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Government crack down on e-crime

Government crack down on e-crime

The Commonwealth Government is set to crack down on the use of the Internet for offensive and menacing purposes by outlawing what it describes as “e-crime”, but the opposition is concerned that criminal legislation already in place is only being repeated.

The legislation amendments — that make the use of a telecommunications service to carry offensive Internet content a criminal offence — were announced by Minister for Communications and IT, Richard Alston, and Minister for Justice, Chris Ellison.

The amendments will soon be introduced into parliament, but the opposition is wary of the change.

Shadow Minister for IT, Kate Lundy, told ARN that the Labor Party was concerned about the definition of “offensive”.

“It is hard to ascertain whether this will target new offences or add to existing offences,” she said. “The appropriate place for [Internet] content regulation is with the states.”

Lundy conceded that the proposed amendment could possibly apply sanctions to existing legislation, and the opposition would consider what an appropriate legislation amendment was.

She said the amendment was very vague at the moment. However, the opposition was happy that ISPs and Internet content hosts would be exempted from the new offence where they did not have knowledge of the content of the material they had transmitted or hosted.

The use of a telecommunications service to carry offensive Internet content is not covered by existing provisions. With the proposed legislation, the new offence will carry a maximum penalty of two years imprisonment, doubling the existing punishment.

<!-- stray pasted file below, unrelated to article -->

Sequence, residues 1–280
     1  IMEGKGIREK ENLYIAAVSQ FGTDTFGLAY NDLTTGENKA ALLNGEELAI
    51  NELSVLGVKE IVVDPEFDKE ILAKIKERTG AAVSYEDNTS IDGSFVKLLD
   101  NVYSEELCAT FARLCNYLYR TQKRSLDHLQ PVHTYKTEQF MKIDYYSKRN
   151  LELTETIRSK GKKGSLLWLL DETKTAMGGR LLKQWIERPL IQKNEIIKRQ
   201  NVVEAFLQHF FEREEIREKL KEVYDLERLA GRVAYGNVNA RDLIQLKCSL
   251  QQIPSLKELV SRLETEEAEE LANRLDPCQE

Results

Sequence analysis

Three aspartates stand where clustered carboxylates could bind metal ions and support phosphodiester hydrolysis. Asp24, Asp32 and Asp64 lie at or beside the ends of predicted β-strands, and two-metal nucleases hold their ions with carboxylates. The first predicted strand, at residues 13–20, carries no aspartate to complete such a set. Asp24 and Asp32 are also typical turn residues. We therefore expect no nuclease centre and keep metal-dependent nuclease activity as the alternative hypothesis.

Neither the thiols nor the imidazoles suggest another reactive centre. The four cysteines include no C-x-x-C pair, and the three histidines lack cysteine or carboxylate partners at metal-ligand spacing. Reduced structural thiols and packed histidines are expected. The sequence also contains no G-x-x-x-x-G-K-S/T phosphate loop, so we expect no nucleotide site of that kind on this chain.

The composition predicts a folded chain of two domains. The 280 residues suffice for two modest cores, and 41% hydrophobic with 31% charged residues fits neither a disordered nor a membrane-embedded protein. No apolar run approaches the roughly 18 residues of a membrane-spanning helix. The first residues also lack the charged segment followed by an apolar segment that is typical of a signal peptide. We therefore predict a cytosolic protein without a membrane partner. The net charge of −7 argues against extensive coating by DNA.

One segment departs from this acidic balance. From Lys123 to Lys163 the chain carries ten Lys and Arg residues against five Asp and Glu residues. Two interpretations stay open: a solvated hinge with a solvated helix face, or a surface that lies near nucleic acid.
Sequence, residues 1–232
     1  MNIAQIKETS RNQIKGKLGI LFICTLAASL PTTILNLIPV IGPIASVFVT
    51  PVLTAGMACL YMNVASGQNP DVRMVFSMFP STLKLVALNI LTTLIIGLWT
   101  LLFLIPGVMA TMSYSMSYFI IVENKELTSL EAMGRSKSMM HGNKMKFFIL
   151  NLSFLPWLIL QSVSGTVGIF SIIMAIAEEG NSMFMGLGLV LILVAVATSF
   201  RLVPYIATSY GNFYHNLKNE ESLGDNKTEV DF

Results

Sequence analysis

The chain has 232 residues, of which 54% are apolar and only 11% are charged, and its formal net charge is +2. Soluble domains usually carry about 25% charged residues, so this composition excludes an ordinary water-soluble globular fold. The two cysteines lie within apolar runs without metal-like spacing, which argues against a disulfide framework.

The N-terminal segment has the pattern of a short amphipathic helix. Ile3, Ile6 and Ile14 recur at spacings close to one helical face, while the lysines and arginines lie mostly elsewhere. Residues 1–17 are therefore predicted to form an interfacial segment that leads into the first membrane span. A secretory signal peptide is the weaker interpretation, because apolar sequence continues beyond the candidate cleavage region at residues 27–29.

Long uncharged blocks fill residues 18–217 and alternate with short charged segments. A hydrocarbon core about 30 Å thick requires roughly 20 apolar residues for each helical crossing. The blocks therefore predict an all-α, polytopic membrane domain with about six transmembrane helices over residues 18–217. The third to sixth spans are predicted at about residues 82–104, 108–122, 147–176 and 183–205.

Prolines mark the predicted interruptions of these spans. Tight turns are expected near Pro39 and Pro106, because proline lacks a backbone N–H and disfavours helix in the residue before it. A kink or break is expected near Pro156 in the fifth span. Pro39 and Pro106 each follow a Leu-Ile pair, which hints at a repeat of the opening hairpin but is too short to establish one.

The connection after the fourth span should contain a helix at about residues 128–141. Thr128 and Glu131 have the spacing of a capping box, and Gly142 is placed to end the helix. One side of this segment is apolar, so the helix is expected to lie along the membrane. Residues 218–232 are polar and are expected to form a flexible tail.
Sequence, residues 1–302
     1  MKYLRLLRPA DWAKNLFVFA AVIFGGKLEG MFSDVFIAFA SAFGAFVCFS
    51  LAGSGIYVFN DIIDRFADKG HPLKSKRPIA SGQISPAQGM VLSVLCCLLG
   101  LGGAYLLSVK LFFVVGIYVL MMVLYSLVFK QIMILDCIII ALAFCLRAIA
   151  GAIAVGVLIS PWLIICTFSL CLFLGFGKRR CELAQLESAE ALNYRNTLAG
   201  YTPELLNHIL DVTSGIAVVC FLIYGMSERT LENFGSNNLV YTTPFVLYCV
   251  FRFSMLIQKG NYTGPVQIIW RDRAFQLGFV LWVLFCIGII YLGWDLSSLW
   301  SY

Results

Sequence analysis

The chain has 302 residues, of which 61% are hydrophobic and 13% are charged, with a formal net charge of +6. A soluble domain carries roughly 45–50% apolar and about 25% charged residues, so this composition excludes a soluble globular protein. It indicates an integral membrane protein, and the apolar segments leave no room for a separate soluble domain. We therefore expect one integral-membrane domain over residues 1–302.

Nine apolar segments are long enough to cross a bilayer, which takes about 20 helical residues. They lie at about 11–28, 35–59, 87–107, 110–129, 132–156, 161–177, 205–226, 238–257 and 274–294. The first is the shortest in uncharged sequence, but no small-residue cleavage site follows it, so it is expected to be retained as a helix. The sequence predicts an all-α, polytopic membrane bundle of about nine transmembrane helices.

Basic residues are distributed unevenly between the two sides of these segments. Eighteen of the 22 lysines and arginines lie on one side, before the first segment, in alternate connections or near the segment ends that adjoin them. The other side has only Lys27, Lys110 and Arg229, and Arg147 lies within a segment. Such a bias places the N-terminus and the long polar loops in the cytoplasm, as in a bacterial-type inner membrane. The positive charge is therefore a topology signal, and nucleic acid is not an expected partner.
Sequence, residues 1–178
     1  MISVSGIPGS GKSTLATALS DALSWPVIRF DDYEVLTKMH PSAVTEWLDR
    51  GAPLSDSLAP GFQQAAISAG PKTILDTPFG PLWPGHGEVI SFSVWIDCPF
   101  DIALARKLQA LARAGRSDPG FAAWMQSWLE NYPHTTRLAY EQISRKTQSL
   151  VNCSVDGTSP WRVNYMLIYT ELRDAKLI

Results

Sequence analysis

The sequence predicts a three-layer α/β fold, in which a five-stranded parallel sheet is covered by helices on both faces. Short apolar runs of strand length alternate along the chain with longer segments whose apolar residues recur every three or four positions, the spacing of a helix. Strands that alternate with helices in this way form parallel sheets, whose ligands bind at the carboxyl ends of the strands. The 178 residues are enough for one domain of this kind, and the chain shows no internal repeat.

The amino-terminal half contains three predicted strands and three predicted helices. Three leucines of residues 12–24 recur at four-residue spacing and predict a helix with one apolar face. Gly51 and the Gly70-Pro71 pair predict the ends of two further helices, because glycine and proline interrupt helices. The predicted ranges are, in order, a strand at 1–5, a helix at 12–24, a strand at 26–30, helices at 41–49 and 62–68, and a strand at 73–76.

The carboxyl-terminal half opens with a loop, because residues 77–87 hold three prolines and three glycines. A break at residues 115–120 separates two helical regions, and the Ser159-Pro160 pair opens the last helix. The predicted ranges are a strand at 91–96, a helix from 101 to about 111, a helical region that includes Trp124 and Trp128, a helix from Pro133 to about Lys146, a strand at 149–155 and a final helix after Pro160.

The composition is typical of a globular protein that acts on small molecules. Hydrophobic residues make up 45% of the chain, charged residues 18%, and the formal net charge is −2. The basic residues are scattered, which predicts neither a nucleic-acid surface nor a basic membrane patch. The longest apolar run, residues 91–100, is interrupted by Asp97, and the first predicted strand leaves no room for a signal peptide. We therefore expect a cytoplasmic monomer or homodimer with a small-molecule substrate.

The amendment will also include people who use the Internet to advocate or facilitate violent protests.

A spokesperson for the Department of Communications and IT said the specific offences that were outlined in the amendment were not covered by the Crimes Act.

“This amendment will complement existing state legislation and give federal and state police greater power to take action against harassment or threats over the Internet,” he said.

Those using the Internet to harass or menace others were amongst those who could be prosecuted under the new offences.

The spokesperson said the new offence would form part of a new package of telecommunications related offences such as possession and distribution of Internet child pornography.

He said the Government already regulated Internet content, but the new offence would complement it by introducing criminal penalties for material that would be regarded by reasonable persons as being offensive.


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